Safari is a fast browser. There, we've said it. Chrome and Firefox fans tend to say their browser is quicker and we daresay if we ever find an Internet Explorer user they might claim the same. This is because part of speed is how used you are to the slightly different ways browsers work.

Safari is very good at speeding up jobs for you. As well as the Safari Extensions which bring extra tools to your mouse click or keyboard tap, there are the Reader view settings that make reading quicker. Then, though, there are the now almost silly number of ways Safari can get you to the sites you want and remember them afterwards.

As with any browser, you can hold down the Command key and tap L to move the cursor up to the address bar. It moves the cursor and it also selects everything there so if you want to type a completely new address, you just start typing and the old one is immediately replaced.

If you want to change the existing address, just tap the right or left arrow keys and now the selection is gone and your cursor is at the start or end of the address.

Safari will auto-complete the names of sites you've been to before. Once you're there, you can click on the Bookmarks menu and choose Add Bookmark.

If you've opened a lot of tabs then right next to that option there is a command to bookmark all of them. It applies only to the ones in the current window so if you also have multiple windows, you have to go to each one first.

Bookmarks are so 1990s, though. Click in the Safari address bar and delete the address there. Safari then shows you a Favorites screen which by default includes a section with sites you frequently visit.

Pinned tabs

If you really visit them frequently, though, you can pin them. This is the same as loading the page but instead of taking up a whole tab in the menubar, you're using a favicon-sized one.

To add a site to this collection that's always displayed at the side of every Safari window, start by going to a site you want. When it's loaded, you can click on its favicon to the left of the site name in the address bar and drag it over to the other pinned tabs.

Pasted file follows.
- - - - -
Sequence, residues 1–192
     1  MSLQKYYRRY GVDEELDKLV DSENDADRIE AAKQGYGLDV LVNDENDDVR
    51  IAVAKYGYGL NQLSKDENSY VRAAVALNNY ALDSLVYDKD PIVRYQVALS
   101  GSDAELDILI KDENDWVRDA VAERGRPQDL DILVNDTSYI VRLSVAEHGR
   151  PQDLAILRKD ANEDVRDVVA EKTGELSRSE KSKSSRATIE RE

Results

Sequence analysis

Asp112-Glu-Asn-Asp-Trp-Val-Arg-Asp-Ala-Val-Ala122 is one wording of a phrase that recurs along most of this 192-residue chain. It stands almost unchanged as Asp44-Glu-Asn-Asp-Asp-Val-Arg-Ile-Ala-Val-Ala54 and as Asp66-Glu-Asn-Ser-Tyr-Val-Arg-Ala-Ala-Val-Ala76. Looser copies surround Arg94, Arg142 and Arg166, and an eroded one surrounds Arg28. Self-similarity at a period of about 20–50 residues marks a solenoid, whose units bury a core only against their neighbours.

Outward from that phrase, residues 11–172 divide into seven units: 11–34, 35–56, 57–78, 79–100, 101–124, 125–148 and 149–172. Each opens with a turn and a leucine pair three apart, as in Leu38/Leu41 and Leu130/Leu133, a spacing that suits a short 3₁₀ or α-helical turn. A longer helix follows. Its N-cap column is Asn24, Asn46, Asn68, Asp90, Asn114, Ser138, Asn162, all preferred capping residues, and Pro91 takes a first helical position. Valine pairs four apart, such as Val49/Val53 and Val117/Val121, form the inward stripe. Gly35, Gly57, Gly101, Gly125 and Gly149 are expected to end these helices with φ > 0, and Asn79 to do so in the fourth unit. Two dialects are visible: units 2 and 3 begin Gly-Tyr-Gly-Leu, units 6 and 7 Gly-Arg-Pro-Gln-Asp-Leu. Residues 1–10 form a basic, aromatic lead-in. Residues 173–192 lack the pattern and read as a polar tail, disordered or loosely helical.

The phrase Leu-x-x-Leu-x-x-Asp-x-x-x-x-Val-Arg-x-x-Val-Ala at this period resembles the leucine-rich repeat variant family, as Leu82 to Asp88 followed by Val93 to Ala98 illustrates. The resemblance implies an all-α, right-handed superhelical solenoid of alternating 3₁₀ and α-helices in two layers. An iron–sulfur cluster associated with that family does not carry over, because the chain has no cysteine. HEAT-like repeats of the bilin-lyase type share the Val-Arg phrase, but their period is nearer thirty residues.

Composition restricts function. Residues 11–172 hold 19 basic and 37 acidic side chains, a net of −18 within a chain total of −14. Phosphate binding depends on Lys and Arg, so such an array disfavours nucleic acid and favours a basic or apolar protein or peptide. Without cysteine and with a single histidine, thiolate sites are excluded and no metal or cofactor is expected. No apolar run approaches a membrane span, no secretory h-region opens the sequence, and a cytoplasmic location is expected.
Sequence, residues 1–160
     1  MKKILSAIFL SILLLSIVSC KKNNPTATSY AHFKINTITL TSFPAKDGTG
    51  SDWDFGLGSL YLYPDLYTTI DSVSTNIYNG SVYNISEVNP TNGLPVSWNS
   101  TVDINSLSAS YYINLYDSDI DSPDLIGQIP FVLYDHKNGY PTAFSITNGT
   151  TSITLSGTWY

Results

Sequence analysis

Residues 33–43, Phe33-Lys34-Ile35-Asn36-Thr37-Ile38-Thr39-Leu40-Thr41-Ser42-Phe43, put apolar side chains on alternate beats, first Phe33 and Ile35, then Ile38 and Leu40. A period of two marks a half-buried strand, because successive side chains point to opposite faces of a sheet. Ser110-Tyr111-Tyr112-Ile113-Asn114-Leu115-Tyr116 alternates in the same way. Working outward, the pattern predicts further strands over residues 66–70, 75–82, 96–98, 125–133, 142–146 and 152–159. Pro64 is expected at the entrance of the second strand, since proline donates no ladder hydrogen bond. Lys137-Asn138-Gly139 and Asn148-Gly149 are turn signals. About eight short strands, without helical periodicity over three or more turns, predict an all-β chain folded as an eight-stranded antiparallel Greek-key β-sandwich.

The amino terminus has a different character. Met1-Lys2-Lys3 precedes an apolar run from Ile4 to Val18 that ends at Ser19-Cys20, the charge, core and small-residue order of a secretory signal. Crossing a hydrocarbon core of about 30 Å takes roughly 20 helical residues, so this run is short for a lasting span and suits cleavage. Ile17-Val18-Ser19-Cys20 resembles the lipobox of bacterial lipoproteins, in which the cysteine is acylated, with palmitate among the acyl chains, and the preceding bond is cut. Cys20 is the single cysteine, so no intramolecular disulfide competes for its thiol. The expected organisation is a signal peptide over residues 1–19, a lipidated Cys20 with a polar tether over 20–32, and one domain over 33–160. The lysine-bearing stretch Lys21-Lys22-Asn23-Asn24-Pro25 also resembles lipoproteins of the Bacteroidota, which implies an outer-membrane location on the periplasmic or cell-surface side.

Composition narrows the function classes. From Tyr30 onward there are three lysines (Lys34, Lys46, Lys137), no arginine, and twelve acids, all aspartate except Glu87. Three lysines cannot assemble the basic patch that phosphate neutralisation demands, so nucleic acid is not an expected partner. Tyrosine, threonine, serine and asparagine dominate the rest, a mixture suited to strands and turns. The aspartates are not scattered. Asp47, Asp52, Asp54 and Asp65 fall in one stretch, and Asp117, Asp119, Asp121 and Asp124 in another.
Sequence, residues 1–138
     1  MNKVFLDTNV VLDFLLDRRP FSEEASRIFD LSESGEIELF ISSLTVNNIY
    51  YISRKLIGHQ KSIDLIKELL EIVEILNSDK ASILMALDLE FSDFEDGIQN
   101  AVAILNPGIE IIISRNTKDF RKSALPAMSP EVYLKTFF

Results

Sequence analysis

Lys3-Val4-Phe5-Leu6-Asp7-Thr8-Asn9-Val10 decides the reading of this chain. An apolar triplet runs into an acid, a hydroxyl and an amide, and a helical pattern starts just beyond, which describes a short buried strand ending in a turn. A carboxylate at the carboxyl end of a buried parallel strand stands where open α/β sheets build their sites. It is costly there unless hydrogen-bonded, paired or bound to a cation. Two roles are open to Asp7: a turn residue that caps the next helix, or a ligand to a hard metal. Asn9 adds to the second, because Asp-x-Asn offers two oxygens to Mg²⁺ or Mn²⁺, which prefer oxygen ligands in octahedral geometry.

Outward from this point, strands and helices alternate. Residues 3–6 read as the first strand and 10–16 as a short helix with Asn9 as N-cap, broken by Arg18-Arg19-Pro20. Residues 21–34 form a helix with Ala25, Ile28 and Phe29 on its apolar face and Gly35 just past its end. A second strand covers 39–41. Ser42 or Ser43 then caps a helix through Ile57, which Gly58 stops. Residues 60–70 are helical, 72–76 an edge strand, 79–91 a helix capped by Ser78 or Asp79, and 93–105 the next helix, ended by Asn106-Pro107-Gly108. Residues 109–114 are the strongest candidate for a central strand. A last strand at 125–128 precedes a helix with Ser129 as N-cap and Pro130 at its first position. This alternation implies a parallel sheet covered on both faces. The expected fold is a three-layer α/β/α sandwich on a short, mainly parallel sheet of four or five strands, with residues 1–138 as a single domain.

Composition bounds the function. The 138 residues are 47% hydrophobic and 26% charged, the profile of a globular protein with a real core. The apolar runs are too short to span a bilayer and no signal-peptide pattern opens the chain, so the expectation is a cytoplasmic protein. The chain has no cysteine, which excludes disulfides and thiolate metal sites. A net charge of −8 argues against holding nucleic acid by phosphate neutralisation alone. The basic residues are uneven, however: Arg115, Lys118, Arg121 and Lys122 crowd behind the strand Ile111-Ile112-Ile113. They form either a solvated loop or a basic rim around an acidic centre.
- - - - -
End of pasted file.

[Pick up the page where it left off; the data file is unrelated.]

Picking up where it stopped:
Sometimes clicking on that favicon is fiddly, though, so you can instead click and hold on the tab itself. Drag on that and you can slide it over into the pinned tabs and let go.

For sheer speed of access, pinned tabs are excellent. However, they have a problem.

Safari is now very good at preventing sites from blasting you with sound from auto-playing videos. Plus if you have two dozen tabs open and one of them is playing audio, you can now see which one because Safari puts an icon in that tab. It also gives you the option to right-click on that icon and mute the sound without ever going to that tab.

There's no room for that icon in the pinned tabs. So you can still have sound playing and not know where it's coming from.

Also, even though you make these pinned tabs by dragging a site's little favicon, what you get in the tab bar is rarely that favicon. It's more common to get just a single letter. If you pin AppleInsider then it will become a little button marked "A." That's fine until you pin Amazon and now you've got two pins with the same letter.

For that reason, it's best to severely limit the number of tabs you pin because the time saved using them can be lost in hunting for the right one.

There's another reason to limit them, though. Every tab in every browser takes up some resources from your Mac, even if Safari is good at limiting this. You can end up with a site in a pinned tab that is slowing your Mac down.

So don't regard pinned tabs as a way of bookmarking, see them instead as where you keep your most urgently and often used sites.

Everything's adjustable

You could rearrange your pinned tabs to spell out words. Or you could unpin one by right-clicking on choosing from the options that pop up.

That's Safari at its very heart: you see only a simple interface but you get many more options by right-clicking or choosing Preferences.

The aim is to leave you thinking about the sites you're visiting and that is laudable. It just also means that you often miss the features that make Safari genuinely superb.